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Bar News - December 19, 2008


Morning Mail

Marital Master Pamela Kelly Says Goodbye

An open letter to the members of the NH Bar:

It is with astonishment that I realize I have been a marital master with the court for over 20 years, and with mixed feelings that I have decided to retire on a full-time basis at the conclusion of my second contract year of part-time employment.

Unquestionably, participating in the first full-time marital master program in the court system was an adventure as well as a privilege. I have seen the practice of law in domestic relations undergo astonishing transformations in the last two decades. It has become more complex, sophisticated, and respected as an important area of legal service. The Supreme Court began to acknowledge its importance by expanding services and increasing resources to address this phenomenon, most notably through the marital master program. By designating experts in family law to hear these cases, the Court recognized the specialized needs of families undergoing often painful transitions and created a domestic relations division in the Superior Court.

As summarized in a proposal made by the marital masters a decade ago:

Family court proceedings directly touch the lives of New Hampshire citizens more than any other area of litigation and must be responsive to the needs of each family. Unlike other court matters, these cases determine how parents and children cope with upheaval in their most intimate and affecting personal relationships. They are seldom concluded without some need for ongoing oversight and affirmative relief from the court, given the natural changes brought about by time and circumstances in the lives of family members. The subject matter of this jurisdiction is human nature itself as revealed in the myriad manifestations of the family, which is still, after all, the ultimate training ground for membership in society. Effective management of family-related cases requires particular interest and expertise in staff and judicial officers, access to resources such as mediation and community services, and the ability to respond meaningfully to the needs of litigants promptly and fairly.

As among the first to participate in this de facto exercise of specialized judicial jurisdiction, I was gratified by the trust and responsibility that the Court placed in the marital masters to develop and implement procedures, forms, and even new Rules of Court. By the time the Family Division had been created by the legislature, I believe the citizens, lawyers, and court personnel of this state were already prepared for its implementation, largely because of the success of the marital master program and our dedicated family court.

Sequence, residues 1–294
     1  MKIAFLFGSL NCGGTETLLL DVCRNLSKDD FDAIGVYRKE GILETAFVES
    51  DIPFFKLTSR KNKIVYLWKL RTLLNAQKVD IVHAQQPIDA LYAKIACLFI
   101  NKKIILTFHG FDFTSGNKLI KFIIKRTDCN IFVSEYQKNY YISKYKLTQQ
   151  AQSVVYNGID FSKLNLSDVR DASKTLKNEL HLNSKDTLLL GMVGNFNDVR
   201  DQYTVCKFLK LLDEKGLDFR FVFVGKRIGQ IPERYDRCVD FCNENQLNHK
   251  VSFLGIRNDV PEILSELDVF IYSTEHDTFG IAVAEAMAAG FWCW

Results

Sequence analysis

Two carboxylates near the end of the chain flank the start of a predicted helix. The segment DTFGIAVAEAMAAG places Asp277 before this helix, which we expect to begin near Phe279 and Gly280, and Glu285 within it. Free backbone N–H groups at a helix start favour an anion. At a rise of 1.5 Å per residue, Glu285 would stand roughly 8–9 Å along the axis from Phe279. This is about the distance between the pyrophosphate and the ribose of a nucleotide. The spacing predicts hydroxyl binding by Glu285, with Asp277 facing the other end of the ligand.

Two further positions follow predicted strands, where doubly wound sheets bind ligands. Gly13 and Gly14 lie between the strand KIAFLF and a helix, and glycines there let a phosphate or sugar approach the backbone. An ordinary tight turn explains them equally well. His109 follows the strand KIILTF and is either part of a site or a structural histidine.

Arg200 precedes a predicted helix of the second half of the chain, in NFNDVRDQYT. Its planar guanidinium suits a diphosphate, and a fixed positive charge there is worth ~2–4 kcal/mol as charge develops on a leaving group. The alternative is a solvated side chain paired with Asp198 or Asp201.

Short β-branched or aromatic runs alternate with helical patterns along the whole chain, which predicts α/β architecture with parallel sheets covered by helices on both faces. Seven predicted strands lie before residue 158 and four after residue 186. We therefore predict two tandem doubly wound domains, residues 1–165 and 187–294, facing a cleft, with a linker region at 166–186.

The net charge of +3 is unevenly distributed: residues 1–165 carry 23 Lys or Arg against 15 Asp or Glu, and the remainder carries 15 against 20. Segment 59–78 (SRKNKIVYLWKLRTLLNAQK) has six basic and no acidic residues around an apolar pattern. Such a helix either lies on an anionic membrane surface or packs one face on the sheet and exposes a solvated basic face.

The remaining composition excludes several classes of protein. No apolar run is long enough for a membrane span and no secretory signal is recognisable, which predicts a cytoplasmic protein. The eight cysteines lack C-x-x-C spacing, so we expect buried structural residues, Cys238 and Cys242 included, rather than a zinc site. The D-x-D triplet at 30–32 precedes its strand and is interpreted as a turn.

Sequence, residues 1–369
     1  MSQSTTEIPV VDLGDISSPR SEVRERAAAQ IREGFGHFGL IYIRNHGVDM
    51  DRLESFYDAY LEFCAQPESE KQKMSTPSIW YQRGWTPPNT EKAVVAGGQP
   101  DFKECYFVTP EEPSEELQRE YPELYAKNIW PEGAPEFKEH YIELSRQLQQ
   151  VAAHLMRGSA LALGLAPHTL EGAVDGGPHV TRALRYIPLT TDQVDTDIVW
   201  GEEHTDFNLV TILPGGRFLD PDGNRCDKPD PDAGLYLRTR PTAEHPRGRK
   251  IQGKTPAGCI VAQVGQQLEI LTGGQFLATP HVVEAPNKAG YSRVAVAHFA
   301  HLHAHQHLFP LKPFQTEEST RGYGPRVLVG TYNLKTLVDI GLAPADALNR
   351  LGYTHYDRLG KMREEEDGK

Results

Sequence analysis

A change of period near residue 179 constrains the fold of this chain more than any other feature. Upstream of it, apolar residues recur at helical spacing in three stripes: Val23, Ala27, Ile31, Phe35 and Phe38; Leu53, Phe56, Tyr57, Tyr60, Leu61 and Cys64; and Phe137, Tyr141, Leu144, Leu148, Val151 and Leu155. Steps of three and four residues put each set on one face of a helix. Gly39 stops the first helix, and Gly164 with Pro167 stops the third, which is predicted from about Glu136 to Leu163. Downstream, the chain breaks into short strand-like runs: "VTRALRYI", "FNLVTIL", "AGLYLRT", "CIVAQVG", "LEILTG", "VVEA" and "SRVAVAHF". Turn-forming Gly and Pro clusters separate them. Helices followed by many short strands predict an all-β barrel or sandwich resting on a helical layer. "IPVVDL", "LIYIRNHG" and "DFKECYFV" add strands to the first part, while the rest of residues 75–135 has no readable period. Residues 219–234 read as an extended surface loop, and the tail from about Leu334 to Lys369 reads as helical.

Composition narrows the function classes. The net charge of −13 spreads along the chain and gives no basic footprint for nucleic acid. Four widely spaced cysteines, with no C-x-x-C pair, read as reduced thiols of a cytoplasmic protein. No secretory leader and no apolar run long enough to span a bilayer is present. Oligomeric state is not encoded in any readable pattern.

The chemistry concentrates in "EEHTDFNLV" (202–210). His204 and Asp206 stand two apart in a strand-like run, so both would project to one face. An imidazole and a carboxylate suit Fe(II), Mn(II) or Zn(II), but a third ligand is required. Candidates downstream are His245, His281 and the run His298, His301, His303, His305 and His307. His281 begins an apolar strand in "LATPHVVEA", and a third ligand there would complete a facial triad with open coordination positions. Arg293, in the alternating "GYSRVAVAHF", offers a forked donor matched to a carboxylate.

Finally, it is important to acknowledge those who taught me what I know and were not shy about reminding me how to do my job. I am grateful to the attorneys who practiced before me for their dedication, professionalism, and – for the most part – sense of humor. I owe an endless debt of gratitude to my cherished colleagues, the other marital masters, for their unfailing support and wisdom. The bench and bar of this state make me proud to claim my membership among you, and fortunate for all you have given me.

Sincerely,
Hon. Pamela D. Kelly


Delaying Justice a ‘Terrible Idea’

Editor: The following comment is in response to the Dec. 4 NHBA e-Bulletin that included a Judicial Branch announcement regarding cuts in jury sessions as a budget-cutting measure.

As any citizen of the great state of New Hampshire knows, jury service in New Hampshire is both a right and a privilege. The right to have a jury hear one’s case under appropriate circumstances is enshrined in the State Constitution. Therefore, I was surprised to learn most New Hampshire counties will put off jury trials for a month next year so the judicial system can help close the state’s budget gap. The savings are reported to be around $75,000. I’m guessing that’s a paltry sum compared to savings that could be realized by actions less intrusive on public rights, such as the executive branch eliminating or reducing conferences, selling state aircraft and staff vehicles, and cutting back on non-vital services having no connection to basic rights.

New Hampshire citizens should challenge the executive branch to step up to the plate and leave the privilege to have one’s case heard before a jury untrammeled. Delaying one’s rights sounds like a terrible idea. Watch what happens when a defendant is denied a speedy trial in part because of this surprising plan.

Tom Tudor
Fairfax Station, VA

NH Bar member since 1980 and former resident of Contoocook 



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